By Tatiana Bautzer

By Tatiana Bautzer


NEW YORK (Reuters) - Latin American governments and companies could soon step up bond sales, seizing on an increased appetite for deals as a regional economic recovery gains steam and concerns about aggressive U.S. policy changes ease, bankers and investors said this week.


Returns on Latin American bonds remain attractive and the new openness to deals has already allowed Brazil's government to raise funds at a record low yield.


Argentine's Santa Fé province also recently returned to the capital market after a long hiatus.


Brazil's Suzano Papel e Celulose SA's <SUZB5.SA> is one example of the warmer reception for Latin American debt.


Its recent sale of a 30-year junk global bond - the first of its kind by a Brazilian company - underscored investors' receptiveness to less traditional structures, bankers said.

Brazilian logistics firm JSL SA <JSLG3.SA> could be next in line, two people familiar with the plans said.

Concerns that U.S. President Donald Trump would lure capital out of Latin America have subsided, according to bankers, who spoke on background on the eve of Brazilian bank Itau BBA's annual debt capital markets conference in New York.

That, coupled with market stability after the U.S. Federal Reserve's single rate hike so far this year, is fueling inflows, the bankers added.

Emerging market funds registered a $6.5 billion net inflow in the week ending March 22, their highest in nearly four years, Institute of International Finance data showed. About $4.5 billion of that total went to bonds.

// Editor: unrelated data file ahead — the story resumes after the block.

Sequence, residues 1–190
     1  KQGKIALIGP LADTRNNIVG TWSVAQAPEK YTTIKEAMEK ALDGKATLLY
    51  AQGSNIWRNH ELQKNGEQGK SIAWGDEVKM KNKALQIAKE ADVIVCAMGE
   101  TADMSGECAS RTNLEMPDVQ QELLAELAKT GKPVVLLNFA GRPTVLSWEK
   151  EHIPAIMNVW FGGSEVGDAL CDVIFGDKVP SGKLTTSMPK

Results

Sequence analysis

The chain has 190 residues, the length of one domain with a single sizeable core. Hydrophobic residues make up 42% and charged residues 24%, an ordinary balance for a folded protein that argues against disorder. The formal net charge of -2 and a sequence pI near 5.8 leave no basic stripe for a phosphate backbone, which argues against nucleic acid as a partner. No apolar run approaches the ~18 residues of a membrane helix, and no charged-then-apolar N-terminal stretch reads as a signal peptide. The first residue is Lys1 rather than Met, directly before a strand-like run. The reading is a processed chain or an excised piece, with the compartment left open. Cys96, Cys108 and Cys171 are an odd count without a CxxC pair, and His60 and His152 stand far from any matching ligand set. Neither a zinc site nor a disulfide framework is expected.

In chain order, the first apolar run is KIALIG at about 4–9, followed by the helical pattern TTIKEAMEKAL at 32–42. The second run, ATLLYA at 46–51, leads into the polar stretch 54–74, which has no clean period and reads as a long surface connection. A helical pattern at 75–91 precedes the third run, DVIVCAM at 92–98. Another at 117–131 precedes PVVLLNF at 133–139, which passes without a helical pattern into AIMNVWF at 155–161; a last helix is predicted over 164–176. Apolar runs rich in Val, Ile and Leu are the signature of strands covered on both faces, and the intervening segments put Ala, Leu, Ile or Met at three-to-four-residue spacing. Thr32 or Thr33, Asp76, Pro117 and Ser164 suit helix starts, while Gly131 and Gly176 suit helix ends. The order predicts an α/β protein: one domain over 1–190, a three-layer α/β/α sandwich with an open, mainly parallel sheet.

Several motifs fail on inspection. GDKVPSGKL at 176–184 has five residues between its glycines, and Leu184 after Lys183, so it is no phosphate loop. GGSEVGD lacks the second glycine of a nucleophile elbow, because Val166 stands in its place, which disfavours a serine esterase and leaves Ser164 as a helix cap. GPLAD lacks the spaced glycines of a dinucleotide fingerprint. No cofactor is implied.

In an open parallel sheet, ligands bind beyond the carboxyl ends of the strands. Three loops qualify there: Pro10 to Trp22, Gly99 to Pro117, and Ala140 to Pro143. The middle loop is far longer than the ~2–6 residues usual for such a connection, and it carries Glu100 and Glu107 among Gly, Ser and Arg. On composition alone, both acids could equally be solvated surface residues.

"We'll still see a lot of debt refinancing deals, but there are a few first-time issuers tapping the market," said Felipe Wilberg, global head of fixed income for Itaú BBA, Brazil's largest corporate and investment bank.

Cheaper funding for the region's borrowers largely hinges on governments' ability to push ahead with key reforms ahead of a busy Latin America election calendar, Wilberg said.

Investors had initially expected Trump-related turmoil to slam the brakes on access to capital markets in Latin America, which has struggled with the end of a decade-long commodities boom.

The premium that investors demand to own Latin American bonds over U.S. Treasuries now stands at about 7.6 percentage points, compared with about 7.1 points at the start of the year, according to JPMorgan's EMBI Diversified Latin America bond index <.JPMEGDLAT>.


However, the pushback has been minor relative to prior U.S. tightening cycles that triggered violent swings in Latin American issuers' borrowing costs.

"Although conventional wisdom states that U.S. rate hikes lead to pressure on asset prices in emerging markets, we are seeing a different reaction from investors," said Marc Nachmann, head of Latin America for Goldman Sachs Group Inc.

Western Asset Management Co has raised the Latin America share of its emerging markets debt positions to 47 percent from 40 percent over the past year, as prices turned attractive and the outlook improved, said Mark Hughes, who helps oversee $40 billion in bonds for the firm.

The ramp-up has been gradual though, Hughes said, noting that bonds from Brazilian exporters now offer a better entry point than those of domestic-oriented companies.

Latin American sovereign and corporate borrowers have raised $34 billion from sales of global debt this year, Itaú BBA data showed. Last year, bond borrowing in the region reached $102 billion.

Bankers are raising their estimates for new Latin American bond supply this year to $80 billion from as low as $60 billion in November as initially negative sentiment on Mexico has recovered.

In the case of Brazil, President Michel Temer's progress in pushing reforms is fueling demand for bonds like Suzano's.

"When the deal hit the road, we sensed that investors were in general more optimistic about fiscal consolidation than they were a year earlier," Marcelo Bacci, Suzano's chief financial officer, said in an interview.

(Editing by Guillermo Parra-Bernal, Christian Plumb and Tom Brown)